If you were to walk around a poker room and ask the diverse demographic of patrons if they have ever heard of Hans Lund, you’ll likely be met with a lot of blank stares. If you were to ask these same people if they’ve heard of Hans “Tuna” Lund you’ll likely receive a mixed bag of responses, but most people would likely answer, “I’ve heard the name before but don’t know much about him.”
Most people would probably assume he’s some Internet era northern European, but this is not the case.
If you’re wondering why you’ve never heard of Hans Lund (and no very little about Hans “Tuna” Lund) it likely has to do with several factors, starting with the era he played in and his decision to semi-retire from poker in 1997 to spend time with his family. Unfortunately, it also likely has to with the fact that Lund was taken from this world far too early, succumbing to cancer at the age of 59 in 2009.
Origins of the Tuna nickname
Poker is full of colorful nicknames. Some, like “Amarillo Slim,” make perfect sense for a rail-thin 6’4″ gambler from Amarillo, Texas. And others are simply fitting, like “Poker Brat,” “Kid Poker,” and “The Mouth.”
Others are a bit harder to make sense of like Ken Flaton’s moniker “Skyhawk,” or in the case of Hans Lund, “Tuna.” I mean, how do you get the name Tuna? Was he fat? Did he look like a tuna? Did he eat tuna fish sandwiches at the table?
As I mentioned in the opening, the nickname became such a part of Lund’s identity that few would recognize Lund’s name without adding in the Tuna part of it.
According to Jonathan Grotenstein’s book, “All In,” Lund acquired his nickname thanks to a terrible losing streak where Lund (at 6’5″ and 300 lbs) became the biggest fish around, a real tuna.
While his peers feasted on the “Tuna” during his losing streak, Lund would have the last laugh as he was one of the top players in the game from 1977-1997, and more importantly was one of the few poker players of that era (or any other era for that matter) that understood the value of money.
Lund at the WSOP
While he did participate in a number of WPT tournaments (cashing in 4), Lund’s success came before the Poker Boom, and mainly at the World Series of Poker.
Had a few cards fallen differently during his career Lund could have been one of the more decorated players in WSOP history. Still, Lund is a two-time WSOP bracelet winner, triumphing in the 1978 $1,500 NLHE event and the 1996 $1,500 Limit Ace-Five Lowball tournament.
In the WSOP Main Event Lund made the money five times, including two final table appearances in 1990 and 1992 where he finished second and third respectively. Lund also cashed in the Main Event in 1991, 2006, and 2007.
Consider how close to being crowned WSOP Main Event champion Lund was, when in 1990, Lund started heads-up play against Mansour Matloubi with a marginal chip lead, but quickly shipped most of them to Matloubi when he flopped top pair top kicker on a 9-2-4 board only to see Matloubi rollover pocket 10’s.
Lund caught lightning in a bottle when an Ace hit on the turn, but the rollercoaster ride wasn’t over as a 10 spiked on the river.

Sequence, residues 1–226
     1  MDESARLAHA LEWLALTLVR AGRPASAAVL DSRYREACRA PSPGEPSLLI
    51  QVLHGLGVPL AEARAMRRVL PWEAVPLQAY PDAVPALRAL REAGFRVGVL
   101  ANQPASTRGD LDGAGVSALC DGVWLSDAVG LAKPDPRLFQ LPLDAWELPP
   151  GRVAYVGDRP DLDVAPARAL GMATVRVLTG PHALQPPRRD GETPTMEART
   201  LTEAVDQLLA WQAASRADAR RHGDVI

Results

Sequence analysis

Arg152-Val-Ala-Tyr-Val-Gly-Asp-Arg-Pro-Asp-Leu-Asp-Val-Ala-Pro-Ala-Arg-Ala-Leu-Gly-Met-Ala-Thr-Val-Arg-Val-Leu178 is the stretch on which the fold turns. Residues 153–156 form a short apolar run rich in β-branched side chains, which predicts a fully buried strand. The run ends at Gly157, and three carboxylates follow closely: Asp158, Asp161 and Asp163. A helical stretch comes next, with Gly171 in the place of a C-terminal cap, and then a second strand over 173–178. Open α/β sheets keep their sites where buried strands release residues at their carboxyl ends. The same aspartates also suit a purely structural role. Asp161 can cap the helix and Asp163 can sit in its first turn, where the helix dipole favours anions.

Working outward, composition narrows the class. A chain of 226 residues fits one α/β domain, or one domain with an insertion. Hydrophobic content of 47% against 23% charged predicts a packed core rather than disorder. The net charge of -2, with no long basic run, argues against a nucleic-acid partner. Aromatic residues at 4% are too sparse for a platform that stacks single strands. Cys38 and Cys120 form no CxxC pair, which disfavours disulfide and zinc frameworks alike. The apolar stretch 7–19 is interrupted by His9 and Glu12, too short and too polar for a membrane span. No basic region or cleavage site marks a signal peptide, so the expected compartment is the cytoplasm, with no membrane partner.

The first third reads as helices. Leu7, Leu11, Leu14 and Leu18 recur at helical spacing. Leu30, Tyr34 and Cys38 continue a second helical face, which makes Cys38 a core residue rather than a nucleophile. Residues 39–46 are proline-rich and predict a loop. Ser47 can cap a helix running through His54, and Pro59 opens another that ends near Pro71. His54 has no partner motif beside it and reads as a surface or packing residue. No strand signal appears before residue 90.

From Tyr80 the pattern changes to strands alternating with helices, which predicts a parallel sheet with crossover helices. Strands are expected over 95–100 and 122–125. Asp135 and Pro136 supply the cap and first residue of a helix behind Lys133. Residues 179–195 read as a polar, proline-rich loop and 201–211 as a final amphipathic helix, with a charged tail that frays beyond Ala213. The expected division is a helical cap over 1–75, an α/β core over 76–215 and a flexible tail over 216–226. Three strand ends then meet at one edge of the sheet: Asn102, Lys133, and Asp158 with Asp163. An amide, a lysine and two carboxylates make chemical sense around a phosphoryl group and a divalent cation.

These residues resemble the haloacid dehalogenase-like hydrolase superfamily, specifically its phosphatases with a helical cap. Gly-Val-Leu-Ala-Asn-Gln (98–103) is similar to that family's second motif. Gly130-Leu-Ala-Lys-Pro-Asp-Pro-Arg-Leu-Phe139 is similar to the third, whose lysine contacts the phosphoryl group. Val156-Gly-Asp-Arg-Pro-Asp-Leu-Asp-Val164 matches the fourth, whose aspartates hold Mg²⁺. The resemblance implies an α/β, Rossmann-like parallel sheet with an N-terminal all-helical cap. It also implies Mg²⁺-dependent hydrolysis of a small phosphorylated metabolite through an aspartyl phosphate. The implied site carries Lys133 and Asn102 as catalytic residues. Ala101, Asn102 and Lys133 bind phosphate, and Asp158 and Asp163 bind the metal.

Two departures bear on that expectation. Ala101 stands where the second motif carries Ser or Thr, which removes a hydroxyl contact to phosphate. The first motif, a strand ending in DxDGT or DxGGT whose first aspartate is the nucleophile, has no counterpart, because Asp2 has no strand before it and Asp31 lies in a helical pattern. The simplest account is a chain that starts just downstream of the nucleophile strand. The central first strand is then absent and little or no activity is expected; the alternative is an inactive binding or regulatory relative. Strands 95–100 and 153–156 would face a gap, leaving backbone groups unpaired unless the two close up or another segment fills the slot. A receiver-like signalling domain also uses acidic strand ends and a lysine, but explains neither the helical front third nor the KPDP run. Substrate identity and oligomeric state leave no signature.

Setting aside the WSOP Main Event, Lund made ten other WSOP final tables during his career, finishing 1st twice, 2nd twice, 3rd in another event, 4th in yet another tournament, and 5th in two more events.
Lund also won the Amarillo Slim’s Super Bowl of Poker in 1983, and finished as the runner-up in the 1991 Diamond Jim Brady Main Event in 1991 – both $10,000 buy-in tournaments. For his career he amassed nearly $3 million in tournament earnings, despite never cashing for more than $334,000.
The Hans Lund mindset
If Hans Lund was still playing poker today and you hired him as a poker coach he’d drill one thing into your head over and over: Money management, money management, money management.
Lund’s money management lesson was taught at a very young age and by a very unlikely person.
As Grotenstein explains in “All-In,” Lund was introduced to the game at the kitchen table where he and his family would play penny-ante poker. Lund, already showing promise as a poker player before he was a teenager, had amassed $300 by the time he was 11 (I’m surprised his family didn’t switch to playing Rummy by this point) when he learned two valuable lessons, never risk your whole bankroll and unless you have the nuts you don’t have the nuts.
Lund lost his entire savings when his mother turned over four Aces to beat Lund’s four Kings – My favorite part of the story was not that his Mom kept the money, but Lund asking his mother if she cheated him.
Because of this early lesson Lund was very careful with his winnings throughout his time as a poker pro.
“They don’t know what a dollar bill is. They don’t know what a penny on the floor is,” Lund told Grotenstein of his peers.
“I respect that penny… Once I get the money, it’s pretty tough to get it away from me,” Lund went on to say.
Because of this attitude towards money Lund was able to semi-retire and spend time with his family. Lund was also known for his pleasant table presence (an important quality when you’re a mountain of a man) and his ability to take things in stride. Longtime poker columnist Vince Burgio said of Lund: “Tuna was truly a great poker player and, more importantly, a good man. I will miss him terribly.”
Lund was also one of the few old school players who respected the new online generation right out of the gate:
According to the AimlesslyChasing.com poker blog, Lund once said, “I’d like to see poker viewed as a game of honor and dignity,” and it appears Lund’s vision of poker is becoming a reality, thanks to men like Tuna.
If you’d like to follow the big Tuna’s example and enjoy some poker with honor and dignity, why not join a top online site today? Receive a Sky Poker no deposit bonus of £10 when you join today to begin playing on one of the most popular UK poker sites. Hans Lund would definitely approve.